By Kevin Kuzma, Editor
Career College Central has obtained a letter signed by seven U.S. Senators, including John McCain (R-Ariz.), expressing concerns about the pending "gainful employment" rule change to Secretary of Education Arne Duncan. The letter, issued to the Department of Education on Dec. 22, was also signed by Sen. Orrin Hatch (R-Utah), Sen. Pat Roberts (R-Kan.), Sen. Tom Coburn (R-Okla.), Sen. Richard Burr (R-N.C.), Sen. Jim DeMint (R-S.C.), and Sen. Jim Risch (R-Idaho).
McCain, Hatch, Roberts, Burr and Coburn are members of the Senate’s Health, Education, Labor and Pensions Committee. The committee, as led by Sen. Tom Harkin (D-Iowa), has been holding hearings to explore improprieties in the for-profit education sector. Students, educators, and executives affiliated with the for-profit education sector have criticized the hearings for featuring one-sided testimony, including that of "short-sellers" — investors who stand to gain financially when education stocks lose value.
The following is the letter in its entirety:
“We write to express our concerns regarding the U.S. Department of Education’s proposed rule related to the definition of “Gainful Employment.” This rule change could have a tremendously negative effect on Title IV funding eligibility for proprietary institutions of higher education. The American people deserve to have a process that is open, fair, and brings all members to the table to discuss the implications of any proposed rule, especially one of this magnitude. It is our expectation that the Department will judiciously and carefully consider all 90,000 public comments your agency received regarding the proposed definition of “gainful employment.”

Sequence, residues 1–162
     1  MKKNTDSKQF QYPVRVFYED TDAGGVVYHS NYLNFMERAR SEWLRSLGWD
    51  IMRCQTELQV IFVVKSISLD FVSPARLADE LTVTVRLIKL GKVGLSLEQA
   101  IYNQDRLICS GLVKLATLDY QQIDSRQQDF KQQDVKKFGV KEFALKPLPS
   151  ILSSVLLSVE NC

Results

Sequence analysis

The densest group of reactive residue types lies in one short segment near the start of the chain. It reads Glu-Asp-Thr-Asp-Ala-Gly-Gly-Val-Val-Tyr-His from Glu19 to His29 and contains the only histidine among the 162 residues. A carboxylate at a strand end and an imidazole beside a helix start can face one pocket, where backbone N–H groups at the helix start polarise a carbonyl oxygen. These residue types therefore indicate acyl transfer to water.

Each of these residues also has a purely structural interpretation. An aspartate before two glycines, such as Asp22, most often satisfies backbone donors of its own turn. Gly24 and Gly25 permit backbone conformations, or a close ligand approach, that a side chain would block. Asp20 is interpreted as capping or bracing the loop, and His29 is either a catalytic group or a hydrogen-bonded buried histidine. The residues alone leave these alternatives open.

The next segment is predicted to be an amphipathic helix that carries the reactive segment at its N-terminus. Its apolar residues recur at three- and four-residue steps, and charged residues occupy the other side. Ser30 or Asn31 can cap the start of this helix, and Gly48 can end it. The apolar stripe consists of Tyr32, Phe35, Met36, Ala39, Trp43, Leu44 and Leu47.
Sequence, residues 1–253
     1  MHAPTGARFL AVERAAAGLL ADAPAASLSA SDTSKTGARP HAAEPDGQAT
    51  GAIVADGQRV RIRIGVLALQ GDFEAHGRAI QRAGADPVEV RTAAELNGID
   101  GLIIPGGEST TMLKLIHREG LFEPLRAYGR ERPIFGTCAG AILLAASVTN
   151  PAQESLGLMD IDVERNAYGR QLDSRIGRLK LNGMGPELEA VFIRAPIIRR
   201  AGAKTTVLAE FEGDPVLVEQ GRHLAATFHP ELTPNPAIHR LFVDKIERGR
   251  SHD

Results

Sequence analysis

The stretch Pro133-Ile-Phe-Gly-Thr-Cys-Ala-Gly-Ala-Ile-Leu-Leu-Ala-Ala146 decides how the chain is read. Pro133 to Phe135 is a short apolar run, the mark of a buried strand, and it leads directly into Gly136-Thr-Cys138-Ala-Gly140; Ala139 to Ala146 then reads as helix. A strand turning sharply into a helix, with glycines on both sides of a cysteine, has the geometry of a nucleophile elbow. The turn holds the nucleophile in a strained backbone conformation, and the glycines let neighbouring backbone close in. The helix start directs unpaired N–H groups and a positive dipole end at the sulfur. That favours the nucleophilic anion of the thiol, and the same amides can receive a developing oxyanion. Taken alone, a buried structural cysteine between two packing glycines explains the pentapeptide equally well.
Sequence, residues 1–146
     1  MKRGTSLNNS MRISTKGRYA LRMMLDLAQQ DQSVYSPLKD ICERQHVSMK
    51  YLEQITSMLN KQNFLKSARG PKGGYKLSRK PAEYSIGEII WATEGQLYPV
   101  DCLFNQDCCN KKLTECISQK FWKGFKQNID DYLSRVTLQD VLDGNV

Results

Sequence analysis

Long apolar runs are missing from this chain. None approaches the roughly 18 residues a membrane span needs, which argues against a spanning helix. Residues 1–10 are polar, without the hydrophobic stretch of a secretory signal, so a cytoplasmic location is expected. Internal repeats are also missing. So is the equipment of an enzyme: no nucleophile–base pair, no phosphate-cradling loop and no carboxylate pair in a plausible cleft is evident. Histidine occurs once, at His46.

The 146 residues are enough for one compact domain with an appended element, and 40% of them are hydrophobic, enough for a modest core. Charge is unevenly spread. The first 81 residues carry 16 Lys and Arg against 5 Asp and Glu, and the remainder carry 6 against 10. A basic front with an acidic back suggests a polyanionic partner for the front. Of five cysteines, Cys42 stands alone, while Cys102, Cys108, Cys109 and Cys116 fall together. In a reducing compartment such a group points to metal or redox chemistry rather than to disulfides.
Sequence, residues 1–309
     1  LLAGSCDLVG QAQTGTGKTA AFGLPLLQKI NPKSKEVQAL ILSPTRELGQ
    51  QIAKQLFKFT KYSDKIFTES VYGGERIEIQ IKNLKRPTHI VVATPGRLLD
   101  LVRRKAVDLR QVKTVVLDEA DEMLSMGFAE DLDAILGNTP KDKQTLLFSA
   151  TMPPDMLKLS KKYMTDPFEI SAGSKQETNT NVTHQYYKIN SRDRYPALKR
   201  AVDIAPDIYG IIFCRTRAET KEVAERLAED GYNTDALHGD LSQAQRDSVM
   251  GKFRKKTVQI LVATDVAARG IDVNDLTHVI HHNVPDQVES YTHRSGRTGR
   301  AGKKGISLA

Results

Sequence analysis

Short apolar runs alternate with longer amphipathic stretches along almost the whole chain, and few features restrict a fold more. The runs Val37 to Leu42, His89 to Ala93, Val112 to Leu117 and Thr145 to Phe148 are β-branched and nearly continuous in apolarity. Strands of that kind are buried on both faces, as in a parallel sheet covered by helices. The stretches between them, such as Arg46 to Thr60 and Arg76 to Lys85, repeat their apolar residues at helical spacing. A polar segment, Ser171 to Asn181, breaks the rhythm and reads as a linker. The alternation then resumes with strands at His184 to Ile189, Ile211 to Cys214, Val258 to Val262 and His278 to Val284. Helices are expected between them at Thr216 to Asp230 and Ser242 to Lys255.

“We applaud the Department’s efforts to help weed out unscrupulous actors in higher education. Schools that engage in deceptive practices or misrepresent student financial aid should be dealt with severely and harshly under current law. Moreover, we support the Department’s efforts to bar schools from paying recruiters based on the number of students they enroll and rules that would give prospective students they and enroll and rules that would give prospective students greater transparency with regard to a school’s graduation and placement rates. However, one particular area of concern for us is the definition’s most sensitive provision, the establishment of a student debt/income ratio, which is still awaiting final issuance.
“As currently proposed, we believe the definition of “gainful employment” would have serious, negative, and unintended consequences that could restrict millions of prospective student’s opportunities for advancement, their particular school choice, and access to attend proprietary colleges. Many of these colleges offer flexibility to students that traditional higher education institutions cannot or do not offer.
“While we understand the need to scrutinize unscrupulous schools in higher education, we should be careful not to limit prospective students’ access to or choice of schools and programs. We thank you for your attention to this matter and look forward to working with the Department on effective ways to improve postsecondary education.”